Rochelle Simsovic Kashtan was 9 years old in 1940 and living in France when the Nazis invaded. She recalled her parents shoving her, her sister and two brothers into the family car. “We didn’t take anything with us. We had to leave everything.”
Kashtan, now 84, turned out to be one of the lucky ones. Her family received an exit visa thanks toAristides de Sousa Mendes, the Portuguese consul-general in Bordeaux, who issued some 10,000 temporary exit visas to fleeing Jews.
Sousa Mendes was honored April 19 at Adas Israel Congregation in Washington during its annual Garden of the Righteous program, which began in 1992 to honor non-Jews who risked their lives trying to save Jews during the Holocaust.
About 650 people attended Sunday morning’s ceremony, which featured speeches by some of Sousa Mendes’ relatives and those whose families obtained visas, as well as a world premiere of a musical oratorio in honor of Sousa Mendes.
Sousa Mendes (1885-1954) was a Portuguese diplomat serving in France when throngs of refugees fled to the French-Spanish border, hoping to obtain Portuguese transit visas for passage through Spain to neutral Portugal. However, Antonio Salazar, Portugal’s fascist dictator, ordered that no temporary visas be issued.
Following a meeting with Rabbi Haim Kruger, Sousa Mendes decided to disobey Salazar’s orders and began issuing visas to anyone who asked.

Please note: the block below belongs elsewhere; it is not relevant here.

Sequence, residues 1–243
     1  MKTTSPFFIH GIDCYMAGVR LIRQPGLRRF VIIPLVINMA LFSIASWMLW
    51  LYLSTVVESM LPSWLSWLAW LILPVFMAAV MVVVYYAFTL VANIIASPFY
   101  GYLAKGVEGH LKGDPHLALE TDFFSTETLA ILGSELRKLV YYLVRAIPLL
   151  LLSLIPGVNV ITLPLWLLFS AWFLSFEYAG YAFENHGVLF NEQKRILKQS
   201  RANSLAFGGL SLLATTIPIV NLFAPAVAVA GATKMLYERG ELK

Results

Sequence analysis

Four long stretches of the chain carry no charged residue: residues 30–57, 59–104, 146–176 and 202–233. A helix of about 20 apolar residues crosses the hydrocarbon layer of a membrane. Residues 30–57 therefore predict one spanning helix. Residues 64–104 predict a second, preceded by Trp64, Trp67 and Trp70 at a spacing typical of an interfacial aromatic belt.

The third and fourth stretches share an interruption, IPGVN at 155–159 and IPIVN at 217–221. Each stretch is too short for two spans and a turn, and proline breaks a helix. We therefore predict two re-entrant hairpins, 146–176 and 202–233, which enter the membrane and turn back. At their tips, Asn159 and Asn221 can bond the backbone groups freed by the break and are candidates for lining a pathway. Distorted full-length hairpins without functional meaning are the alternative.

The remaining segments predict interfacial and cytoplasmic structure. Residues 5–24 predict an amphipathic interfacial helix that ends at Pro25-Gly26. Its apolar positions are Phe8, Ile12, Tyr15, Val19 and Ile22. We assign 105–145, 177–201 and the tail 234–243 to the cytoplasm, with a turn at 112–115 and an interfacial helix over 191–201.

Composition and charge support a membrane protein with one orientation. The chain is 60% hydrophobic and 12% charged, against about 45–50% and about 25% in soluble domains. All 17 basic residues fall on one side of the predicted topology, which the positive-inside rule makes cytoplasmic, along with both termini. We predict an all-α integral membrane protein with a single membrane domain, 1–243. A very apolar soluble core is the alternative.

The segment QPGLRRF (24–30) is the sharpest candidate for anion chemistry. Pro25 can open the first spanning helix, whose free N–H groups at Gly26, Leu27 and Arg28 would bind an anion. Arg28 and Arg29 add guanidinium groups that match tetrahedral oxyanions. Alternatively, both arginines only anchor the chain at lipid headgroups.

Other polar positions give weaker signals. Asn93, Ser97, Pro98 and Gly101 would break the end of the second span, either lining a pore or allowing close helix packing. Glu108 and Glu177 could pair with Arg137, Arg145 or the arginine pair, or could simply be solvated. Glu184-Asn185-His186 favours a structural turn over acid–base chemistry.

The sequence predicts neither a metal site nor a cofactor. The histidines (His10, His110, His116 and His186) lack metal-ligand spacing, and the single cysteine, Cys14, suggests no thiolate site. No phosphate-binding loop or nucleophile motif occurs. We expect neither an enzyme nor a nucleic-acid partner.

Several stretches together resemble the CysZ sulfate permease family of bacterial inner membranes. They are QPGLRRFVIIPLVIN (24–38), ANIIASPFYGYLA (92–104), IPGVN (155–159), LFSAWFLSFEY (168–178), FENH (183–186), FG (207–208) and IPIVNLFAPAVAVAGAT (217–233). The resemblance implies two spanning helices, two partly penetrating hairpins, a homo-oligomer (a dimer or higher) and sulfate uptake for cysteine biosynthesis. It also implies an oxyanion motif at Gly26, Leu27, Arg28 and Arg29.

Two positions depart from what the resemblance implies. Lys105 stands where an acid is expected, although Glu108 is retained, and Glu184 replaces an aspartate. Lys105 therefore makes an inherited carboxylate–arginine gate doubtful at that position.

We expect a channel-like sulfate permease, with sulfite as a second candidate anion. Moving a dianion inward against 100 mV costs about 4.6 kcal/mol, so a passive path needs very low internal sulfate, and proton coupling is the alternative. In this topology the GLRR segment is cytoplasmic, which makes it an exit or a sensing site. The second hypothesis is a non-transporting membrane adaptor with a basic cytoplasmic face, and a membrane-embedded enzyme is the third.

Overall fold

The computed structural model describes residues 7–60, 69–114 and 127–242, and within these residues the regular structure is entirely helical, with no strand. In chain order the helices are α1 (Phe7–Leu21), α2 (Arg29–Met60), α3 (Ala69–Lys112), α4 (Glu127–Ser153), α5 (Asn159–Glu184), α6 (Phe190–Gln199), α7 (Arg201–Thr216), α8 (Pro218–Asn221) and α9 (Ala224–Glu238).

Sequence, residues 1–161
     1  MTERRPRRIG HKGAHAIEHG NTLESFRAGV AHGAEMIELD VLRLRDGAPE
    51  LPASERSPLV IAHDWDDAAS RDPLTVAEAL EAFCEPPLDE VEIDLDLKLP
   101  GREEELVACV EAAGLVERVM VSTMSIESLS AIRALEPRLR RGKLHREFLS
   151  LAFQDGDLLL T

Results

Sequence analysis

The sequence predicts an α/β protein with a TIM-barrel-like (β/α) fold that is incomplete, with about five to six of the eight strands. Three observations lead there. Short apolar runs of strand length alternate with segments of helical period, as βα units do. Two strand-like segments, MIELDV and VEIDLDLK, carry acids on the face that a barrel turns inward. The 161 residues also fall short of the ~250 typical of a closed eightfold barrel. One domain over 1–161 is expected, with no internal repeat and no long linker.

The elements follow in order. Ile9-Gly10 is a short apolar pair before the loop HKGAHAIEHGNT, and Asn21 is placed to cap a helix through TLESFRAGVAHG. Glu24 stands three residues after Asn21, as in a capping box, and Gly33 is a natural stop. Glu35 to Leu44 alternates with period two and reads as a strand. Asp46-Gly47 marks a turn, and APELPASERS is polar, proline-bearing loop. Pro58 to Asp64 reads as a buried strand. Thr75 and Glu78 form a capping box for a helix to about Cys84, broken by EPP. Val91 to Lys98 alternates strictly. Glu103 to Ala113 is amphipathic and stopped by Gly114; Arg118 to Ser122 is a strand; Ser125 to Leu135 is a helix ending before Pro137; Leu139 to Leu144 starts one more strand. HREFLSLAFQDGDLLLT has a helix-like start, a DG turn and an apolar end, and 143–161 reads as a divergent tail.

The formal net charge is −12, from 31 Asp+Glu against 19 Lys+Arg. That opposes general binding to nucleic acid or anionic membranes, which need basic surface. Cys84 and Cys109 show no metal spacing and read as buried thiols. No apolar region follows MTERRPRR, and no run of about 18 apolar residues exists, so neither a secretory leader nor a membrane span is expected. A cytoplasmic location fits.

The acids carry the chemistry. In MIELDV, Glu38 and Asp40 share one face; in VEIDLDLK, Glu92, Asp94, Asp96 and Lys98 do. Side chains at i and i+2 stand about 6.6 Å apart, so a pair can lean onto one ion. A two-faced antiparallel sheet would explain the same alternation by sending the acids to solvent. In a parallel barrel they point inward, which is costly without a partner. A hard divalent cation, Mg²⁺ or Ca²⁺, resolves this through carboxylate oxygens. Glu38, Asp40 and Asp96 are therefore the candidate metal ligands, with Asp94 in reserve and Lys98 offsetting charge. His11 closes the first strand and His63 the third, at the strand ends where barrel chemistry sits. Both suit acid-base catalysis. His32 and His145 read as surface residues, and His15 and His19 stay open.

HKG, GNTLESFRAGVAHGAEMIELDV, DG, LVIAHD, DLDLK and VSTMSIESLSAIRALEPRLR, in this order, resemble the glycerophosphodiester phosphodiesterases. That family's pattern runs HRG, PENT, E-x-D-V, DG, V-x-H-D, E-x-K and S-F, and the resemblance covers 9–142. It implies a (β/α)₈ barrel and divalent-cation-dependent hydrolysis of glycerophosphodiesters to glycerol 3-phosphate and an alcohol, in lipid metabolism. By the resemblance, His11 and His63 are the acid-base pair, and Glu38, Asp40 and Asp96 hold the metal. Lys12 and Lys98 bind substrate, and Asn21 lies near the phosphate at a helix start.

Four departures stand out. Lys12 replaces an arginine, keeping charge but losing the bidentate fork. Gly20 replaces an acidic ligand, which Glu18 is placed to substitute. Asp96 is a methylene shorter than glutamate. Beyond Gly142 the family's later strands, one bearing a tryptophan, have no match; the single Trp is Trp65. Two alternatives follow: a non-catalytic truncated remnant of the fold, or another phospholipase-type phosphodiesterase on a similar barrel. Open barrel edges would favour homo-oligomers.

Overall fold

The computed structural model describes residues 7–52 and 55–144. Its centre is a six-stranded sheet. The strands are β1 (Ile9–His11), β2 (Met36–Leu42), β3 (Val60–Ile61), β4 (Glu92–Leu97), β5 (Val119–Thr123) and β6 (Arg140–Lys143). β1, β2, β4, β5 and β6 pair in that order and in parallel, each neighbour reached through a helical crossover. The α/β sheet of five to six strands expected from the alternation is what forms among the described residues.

He paid heavily for his good deed. Following an administrative trial, he was fired, lost his pension and never worked again. He died in poverty, more than 10 years before he was honored by Yad Vashem, where he was recognized as a Righteous among the Nations. The Yad Vashem project gives that title to “the few who helped Jews in the darkest time in their history.”
“I am sure we owe our lives to Mr. Sousa Mendes,” Kashtan said. “Hardly anybody got out,” not even her aunt and cousin, she said, adding, “We had a car. That made the difference.”
Jennifer Hartog also is thankful. If not for Sousa Mendes, “I would have been born, but I would not have any grandparents, aunts,” she said.
Her father fought in the Dutch resistance, but was captured and spent four years in various concentration camps. Her father spoke about what happened to him, but when it came to discussing the rest of his family, he was mum. “The family lore was, somehow they got out of France to Portugal. Just somehow, there were never any details.”
Her father died 10 years ago, never knowing how Sousa Mendes helped his relatives. But Hartog heard the story after speaking with an aunt, who was 14 when her family drove to Paris, got visas, then drove to a train that took them to Lisbon, Portugal.
“There were six Hartogs on the visa list,” including her grandparents, two aunts, one uncle and a great-uncle, she said.
Gerald Mendes was born three years after his grandfather, Sousa Mendes, died. But he remembers learning of his family history when he was 10.
“I was impressed, the same way I am today,” he said.
He remembered being told that his grandfather knew what he was doing was dangerous but believed strongly in trying to save as many people as he could.
His grandfather told people, “‘I would rather be with God against man than with man against God,’” Mendes said.
There are people in Portugal today who “say he disobeyed orders, and a diplomat should not disobey. They are starting a denial process and are saying the people were not in danger and there were only a few hundred” visas given out, Mendes said.
But that won’t change what Mendes feels about his grandfather’s actions: “I am happy that today he is a hero, and that he helped people. He should be a model of conscience.”